New women’s professional hockey league, with hopes of staying power, ready to drop the puck

No longer a far-fetched notion, the Professional Women’s Hockey League is approaching reality and Sarah Nurse can’t help but pinch herself.

On Monday, the 28-year-old Canadian national team forward will be on the ice in Toronto when her yet-to-be nicknamed team faces off against New York to open the new year and the PWHL’s inaugural 72-game season.

“It means so much to me. It’s something that I had dreamed of and envisioned all those years ago, but I didn’t know it would actually come to fruition,” Nurse said. “It’s hard when you think of all the places that we’ve been over the last four years. And to be able to get here, with my Toronto team, has blown my expectations out of the water.”

It wasn’t easy. It took time and patience for the moment to arrive after past start-up leagues lurched from one crisis to another before ultimately folding because they lacked money, vision and foundational support.

Finally, the world’s best players have one place to showcase their talents outside the four-year Olympic cycle and enjoying what it’s like to have their voices heard.

“Seen and heard,” Minnesota general manager and former U.S. national team captain Natalie Darwitz said.

“So often, it would be could we just get a seat at the table, right? And then, can we speak up at the table?” she said. “And now, you feel good about the table, and how do we grow that table, is kind of the path we’re down.”

Not lost on this generation of players is crediting those who preceded them, such as Darwitz and PWHL executive Jayna Hefford, never mind the help of one of women’s sports most influential gender-breakers in former tennis star Billie Jean King, a PWHL board member.

“It’s a long time in coming, and we’re standing on the shoulders of players from past generations,” Ottawa’s Brianne Jenner said. “But I think our generation that kind of carried that balance of being grateful for every opportunity, but also not being happy with the crumbs is the attitude that’s got us here.”

Ultimately, the PWHL would not have been possible without King’s influence and connections, and the deep pockets of Los Angeles Dodgers owner Mark Walter and his wife, Kimbra.

The Walters, who remain strictly behind the scenes, have committed to spending tens of millions of dollars to finance a centralized league that has a collective bargaining agreement with its players in place through 2031. And there’s the heavy lifting that’s already been done in six short months in which six markets have been established, (Boston, New York/Connecticut, St. Paul, Minnesota, Toronto, Montreal and Ottawa), more than 150 employees hired, dedicated locker rooms and training facilities built or renovated, and tens of thousands of tickets sold.

Toronto’s 12 home games are essentially sold out, and Montreal was close. The lower bowl of St. Paul’s Xcel Energy Center is expected to be filled for Minnesota’s opener, and Ottawa’ had sold about 8,000 tickets for its opener.

This is but a start, said PWHL board member Stan Kasten. He has played an influential role in getting the league off the ground in such a short period rather than put it off until next year even if it meant going without logos, nicknames and with a hastily reached broadcast deal finally announced on Friday.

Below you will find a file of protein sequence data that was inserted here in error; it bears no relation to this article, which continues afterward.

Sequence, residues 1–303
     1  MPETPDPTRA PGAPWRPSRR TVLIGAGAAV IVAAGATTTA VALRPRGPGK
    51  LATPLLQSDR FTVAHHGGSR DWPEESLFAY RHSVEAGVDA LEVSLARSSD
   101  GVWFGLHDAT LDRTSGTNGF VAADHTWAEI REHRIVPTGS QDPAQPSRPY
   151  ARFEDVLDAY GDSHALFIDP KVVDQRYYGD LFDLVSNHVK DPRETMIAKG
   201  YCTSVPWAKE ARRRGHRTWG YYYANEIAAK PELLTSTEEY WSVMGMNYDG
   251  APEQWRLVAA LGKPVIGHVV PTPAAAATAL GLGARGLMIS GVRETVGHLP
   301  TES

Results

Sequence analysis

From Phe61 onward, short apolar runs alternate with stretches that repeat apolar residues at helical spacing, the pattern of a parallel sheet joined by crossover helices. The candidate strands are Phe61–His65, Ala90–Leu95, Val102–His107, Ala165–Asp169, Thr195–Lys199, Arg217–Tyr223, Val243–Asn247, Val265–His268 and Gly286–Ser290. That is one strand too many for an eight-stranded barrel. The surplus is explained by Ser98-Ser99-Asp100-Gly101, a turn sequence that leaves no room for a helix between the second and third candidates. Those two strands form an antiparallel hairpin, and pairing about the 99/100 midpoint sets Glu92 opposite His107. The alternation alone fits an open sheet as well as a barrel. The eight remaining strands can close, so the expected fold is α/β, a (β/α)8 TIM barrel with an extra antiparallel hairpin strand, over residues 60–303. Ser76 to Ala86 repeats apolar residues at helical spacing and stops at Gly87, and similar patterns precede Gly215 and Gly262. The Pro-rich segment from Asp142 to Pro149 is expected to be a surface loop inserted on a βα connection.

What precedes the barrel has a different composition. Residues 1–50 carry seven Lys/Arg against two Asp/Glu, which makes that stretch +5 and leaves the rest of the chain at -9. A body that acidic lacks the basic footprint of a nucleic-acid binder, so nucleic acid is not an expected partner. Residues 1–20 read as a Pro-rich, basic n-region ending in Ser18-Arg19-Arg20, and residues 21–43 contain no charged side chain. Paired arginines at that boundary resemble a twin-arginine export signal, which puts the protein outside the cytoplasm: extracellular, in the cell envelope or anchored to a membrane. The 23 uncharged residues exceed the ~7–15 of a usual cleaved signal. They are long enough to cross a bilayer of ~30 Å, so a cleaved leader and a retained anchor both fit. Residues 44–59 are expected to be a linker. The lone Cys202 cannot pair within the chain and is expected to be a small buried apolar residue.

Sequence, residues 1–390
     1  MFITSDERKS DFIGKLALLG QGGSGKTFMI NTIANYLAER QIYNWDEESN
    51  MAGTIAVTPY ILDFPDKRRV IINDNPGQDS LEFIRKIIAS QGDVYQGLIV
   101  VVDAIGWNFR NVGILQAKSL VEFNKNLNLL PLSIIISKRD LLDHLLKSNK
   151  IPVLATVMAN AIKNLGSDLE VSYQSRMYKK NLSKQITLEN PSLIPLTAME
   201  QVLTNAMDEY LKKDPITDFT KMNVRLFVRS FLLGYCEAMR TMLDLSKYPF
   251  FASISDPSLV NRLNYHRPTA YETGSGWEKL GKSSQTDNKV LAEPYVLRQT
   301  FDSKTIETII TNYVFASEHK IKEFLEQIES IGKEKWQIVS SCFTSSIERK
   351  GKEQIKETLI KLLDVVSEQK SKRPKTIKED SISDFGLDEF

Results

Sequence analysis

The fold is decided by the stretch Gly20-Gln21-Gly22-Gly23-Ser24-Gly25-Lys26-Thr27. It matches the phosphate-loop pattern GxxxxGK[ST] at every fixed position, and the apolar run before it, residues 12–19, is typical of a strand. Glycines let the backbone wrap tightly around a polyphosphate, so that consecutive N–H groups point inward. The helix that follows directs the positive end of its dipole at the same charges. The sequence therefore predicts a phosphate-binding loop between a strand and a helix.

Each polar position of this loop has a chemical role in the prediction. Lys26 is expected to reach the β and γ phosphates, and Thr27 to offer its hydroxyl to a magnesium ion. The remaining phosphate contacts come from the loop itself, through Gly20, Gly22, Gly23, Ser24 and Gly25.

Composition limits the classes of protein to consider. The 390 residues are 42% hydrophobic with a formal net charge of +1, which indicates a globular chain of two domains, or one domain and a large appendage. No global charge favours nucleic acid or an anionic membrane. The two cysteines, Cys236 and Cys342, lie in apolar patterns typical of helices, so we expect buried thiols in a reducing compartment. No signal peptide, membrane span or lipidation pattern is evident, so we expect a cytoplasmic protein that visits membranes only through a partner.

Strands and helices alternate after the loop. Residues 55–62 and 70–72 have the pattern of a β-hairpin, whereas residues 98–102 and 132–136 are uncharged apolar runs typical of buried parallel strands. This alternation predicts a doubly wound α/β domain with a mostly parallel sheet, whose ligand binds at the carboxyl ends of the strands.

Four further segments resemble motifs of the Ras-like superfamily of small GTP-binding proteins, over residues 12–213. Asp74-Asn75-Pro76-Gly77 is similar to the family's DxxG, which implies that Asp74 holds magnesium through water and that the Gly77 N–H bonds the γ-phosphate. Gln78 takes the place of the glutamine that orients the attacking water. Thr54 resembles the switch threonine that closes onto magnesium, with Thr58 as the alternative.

“We have a long time to get them to where they need to be,” Kasten said. “I’m cognizant we’re going to make mistakes. But every mistake you see, ask if we’re still at that mistake a year from now.”

For all the iterations of women’s hockey leagues past, be it the Canadian-based National Women’s Hockey League that launched in 1999 and eventually became the Canadian Women’s Hockey League that folded in 2019, or the U.S.-based NWHL that launched in 2015 and eventually became the Premier Hockey Federation before being bought out by Walter in June, the PWHL is regarded as having the best chance to succeed.

Boston forward Shiann Darkangelo has experienced nearly every step. Her stops included CWHL Toronto and Kunlun, China, and three NHWL/PHF teams ending with Toronto, where Darkangelo became the PHF’s last captain to raise the Isobel Cup after the Six won the title in March.

“Absolutely, it’s totally been worth it. I get to do what I love and get paid to do that,” the 30-year-old Darkangelo said.

Hours after coaching Canada to a gold medal at the 2022 Winter Games, Troy Ryan urged business people and sponsors to come together in launching a pro women’s hockey league because he believed it was viable.

It’s now a reality for Ryan, who is coaching PWHL Toronto.

“It’s amazing and, to be honest, it’s a little bit surreal because it’s happened so quickly,” Ryan said. “A lot of people took a little leap of faith to join this journey.”

What impressed Minnesota’s Darwitz was seeing and interacting with so many women in positions of power while attending the PWHL’s evaluation camp in Utica, New York, in early December. The PWHL features four female GMs, three female head coaches and, of the 34 board members and employees listed on the league’s website, 20 are women.

“It’s emotional. It’s long overdue,” she said. “We’re used to walking into a room and it’s usually one or two of us.”

Darwitz spoke the same week the University of Delaware announced it was launching a women’s hockey program — another indication of the sport’s growth.

“That’s amazing,” she said, before adding, “we still don’t have Michigan” in noting the Big Ten school lacks a program.

“We’re not there,” Darwitz said. “But hopefully, one day, we are there.”

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